I could spend an entire post talking all about the cool features of Feedly, but this post is about me sharing with you how it allows me to read, share, and connect to so many blogs a day.
I make checking Feedly part of my morning blogging/social media routine. This means that after I check my email, hop over to my blog to make sure my scheduled post went up, pin it, and check my stats, that the next thing I do is check…you guess it, my Feedly. I usually do everything from my phone, which allows me to focus on my work once I pull out my laptop. When it comes to Feedly, I scroll through all of the posts that are in my reader via my phone, save the ones I want to read in full once I get to my desktop, and mark all others read.
The great thing is that I can see all of the headlines and click to see either the excerpt or full version of the article right on my phone. I can pin and tweet articles right from the mobile version, as well as saving (or bookmarking) them to reference later. I can go directly to those saved articles and reread or click through to the to comment or read other posts from the blog. Using this method allows me to quickly access new content in a much more organized fashion than having 10+ tabs open in my browser at a given time.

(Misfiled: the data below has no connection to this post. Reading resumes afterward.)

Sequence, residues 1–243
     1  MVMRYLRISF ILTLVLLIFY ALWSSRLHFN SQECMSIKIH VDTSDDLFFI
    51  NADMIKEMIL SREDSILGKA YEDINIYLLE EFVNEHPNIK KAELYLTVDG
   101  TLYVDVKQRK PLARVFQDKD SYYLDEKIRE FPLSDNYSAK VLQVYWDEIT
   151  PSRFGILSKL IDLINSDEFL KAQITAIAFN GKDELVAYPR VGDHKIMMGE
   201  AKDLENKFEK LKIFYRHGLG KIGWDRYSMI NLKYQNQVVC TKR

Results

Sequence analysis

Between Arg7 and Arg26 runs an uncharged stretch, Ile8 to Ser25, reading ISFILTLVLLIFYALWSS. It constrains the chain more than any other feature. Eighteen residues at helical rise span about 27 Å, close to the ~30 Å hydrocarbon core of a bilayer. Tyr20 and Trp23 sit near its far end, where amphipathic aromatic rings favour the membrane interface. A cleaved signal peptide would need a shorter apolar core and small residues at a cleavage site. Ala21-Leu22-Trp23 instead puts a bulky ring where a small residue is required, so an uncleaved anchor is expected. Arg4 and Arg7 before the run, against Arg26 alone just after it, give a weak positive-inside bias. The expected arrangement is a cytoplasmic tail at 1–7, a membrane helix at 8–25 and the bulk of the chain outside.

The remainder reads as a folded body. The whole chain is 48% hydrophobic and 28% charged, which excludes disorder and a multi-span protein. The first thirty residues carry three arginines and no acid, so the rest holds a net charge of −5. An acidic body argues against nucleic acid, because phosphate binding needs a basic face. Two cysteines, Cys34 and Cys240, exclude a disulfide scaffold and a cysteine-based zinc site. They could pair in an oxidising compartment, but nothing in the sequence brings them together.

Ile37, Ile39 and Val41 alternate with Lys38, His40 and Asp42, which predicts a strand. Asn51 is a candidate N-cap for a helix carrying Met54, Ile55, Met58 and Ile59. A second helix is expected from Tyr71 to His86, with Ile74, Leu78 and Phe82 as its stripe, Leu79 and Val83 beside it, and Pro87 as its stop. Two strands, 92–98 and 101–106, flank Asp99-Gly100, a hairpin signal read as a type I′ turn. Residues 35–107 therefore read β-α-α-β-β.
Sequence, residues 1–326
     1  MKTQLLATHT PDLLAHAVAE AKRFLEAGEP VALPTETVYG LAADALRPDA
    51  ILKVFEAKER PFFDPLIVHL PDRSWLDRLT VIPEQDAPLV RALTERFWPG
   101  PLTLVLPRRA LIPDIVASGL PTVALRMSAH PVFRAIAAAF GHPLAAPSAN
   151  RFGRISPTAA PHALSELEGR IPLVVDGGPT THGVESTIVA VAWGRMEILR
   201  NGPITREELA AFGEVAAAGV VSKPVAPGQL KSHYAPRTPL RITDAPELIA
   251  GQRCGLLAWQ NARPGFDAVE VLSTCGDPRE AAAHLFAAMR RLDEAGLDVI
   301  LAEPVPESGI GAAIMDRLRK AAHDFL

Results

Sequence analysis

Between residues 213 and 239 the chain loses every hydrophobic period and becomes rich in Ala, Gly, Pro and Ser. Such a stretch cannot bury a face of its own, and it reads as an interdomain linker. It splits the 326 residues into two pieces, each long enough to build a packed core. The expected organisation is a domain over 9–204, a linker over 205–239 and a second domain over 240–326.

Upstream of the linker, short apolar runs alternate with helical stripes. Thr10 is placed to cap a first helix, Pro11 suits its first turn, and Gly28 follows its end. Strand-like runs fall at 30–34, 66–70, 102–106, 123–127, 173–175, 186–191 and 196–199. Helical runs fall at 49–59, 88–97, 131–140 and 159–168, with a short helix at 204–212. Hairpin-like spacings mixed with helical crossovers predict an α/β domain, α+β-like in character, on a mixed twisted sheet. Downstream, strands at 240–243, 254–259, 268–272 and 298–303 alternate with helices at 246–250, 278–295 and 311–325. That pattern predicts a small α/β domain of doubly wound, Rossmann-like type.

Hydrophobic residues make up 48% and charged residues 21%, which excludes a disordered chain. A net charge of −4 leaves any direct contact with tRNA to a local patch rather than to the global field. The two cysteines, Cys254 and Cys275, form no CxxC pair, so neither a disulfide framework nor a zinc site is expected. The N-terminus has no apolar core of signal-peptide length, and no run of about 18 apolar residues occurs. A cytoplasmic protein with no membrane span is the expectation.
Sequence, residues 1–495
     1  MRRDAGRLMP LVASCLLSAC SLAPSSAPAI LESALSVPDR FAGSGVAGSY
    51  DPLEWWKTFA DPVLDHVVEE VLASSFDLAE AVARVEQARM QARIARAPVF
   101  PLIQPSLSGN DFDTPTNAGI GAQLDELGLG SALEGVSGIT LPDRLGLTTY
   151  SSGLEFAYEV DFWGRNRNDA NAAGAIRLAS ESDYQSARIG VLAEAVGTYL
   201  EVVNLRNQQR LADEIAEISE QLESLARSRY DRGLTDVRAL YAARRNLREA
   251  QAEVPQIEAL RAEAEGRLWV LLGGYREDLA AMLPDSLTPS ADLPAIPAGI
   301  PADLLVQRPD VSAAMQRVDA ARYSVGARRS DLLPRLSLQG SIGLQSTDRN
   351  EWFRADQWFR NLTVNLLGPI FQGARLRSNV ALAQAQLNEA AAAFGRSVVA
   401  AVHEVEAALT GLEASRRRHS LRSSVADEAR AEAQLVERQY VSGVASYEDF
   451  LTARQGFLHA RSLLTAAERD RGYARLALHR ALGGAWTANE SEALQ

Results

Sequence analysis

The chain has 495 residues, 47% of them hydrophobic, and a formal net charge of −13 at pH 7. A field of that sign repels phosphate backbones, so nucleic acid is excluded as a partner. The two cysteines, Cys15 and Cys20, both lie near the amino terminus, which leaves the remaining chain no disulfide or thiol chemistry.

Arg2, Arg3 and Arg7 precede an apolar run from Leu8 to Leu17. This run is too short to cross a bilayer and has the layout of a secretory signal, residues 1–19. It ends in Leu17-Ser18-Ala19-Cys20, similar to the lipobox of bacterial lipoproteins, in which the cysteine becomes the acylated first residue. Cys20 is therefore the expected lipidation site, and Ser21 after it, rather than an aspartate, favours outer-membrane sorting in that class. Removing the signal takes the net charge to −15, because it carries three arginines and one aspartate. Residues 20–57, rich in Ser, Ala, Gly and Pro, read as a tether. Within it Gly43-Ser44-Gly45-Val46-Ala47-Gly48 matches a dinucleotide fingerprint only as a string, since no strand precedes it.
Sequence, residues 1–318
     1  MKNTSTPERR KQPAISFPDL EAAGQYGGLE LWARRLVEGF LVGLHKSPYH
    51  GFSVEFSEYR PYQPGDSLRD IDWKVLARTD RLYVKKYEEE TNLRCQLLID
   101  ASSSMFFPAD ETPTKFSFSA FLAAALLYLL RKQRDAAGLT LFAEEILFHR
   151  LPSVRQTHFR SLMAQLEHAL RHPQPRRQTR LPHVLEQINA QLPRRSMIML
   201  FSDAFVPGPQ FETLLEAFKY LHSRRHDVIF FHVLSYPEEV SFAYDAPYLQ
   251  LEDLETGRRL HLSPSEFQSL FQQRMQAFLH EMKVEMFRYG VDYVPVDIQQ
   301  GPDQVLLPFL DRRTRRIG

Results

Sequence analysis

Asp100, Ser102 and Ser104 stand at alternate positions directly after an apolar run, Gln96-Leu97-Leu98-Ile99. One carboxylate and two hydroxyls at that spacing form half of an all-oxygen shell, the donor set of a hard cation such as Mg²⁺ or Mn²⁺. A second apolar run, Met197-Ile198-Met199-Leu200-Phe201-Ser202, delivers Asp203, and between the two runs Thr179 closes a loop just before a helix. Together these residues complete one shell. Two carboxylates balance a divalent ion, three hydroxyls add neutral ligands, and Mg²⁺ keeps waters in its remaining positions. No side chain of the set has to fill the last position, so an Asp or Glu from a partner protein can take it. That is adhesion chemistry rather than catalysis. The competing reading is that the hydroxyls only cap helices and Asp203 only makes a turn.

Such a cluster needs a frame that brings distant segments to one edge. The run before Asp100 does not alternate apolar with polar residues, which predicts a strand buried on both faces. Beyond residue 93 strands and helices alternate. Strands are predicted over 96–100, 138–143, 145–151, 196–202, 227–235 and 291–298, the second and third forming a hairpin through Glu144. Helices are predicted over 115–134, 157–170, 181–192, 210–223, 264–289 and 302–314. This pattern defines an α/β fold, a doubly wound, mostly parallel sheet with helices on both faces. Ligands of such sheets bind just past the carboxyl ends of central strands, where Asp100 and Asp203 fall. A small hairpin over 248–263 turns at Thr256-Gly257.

The less tabs I have open, the more organized I am, allowing me to be strategic in starting my work for the day. Also, as you all know the less programs and such you have running on your system the more power it preserves. This allows your computer to run better and faster, and lesses the likelihood for freezes or it running slowly. The last thing you want to do is have your computer freeze in the middle of writing a post or doing a project and having to restart it or shut it down.
The Reciprocation Effect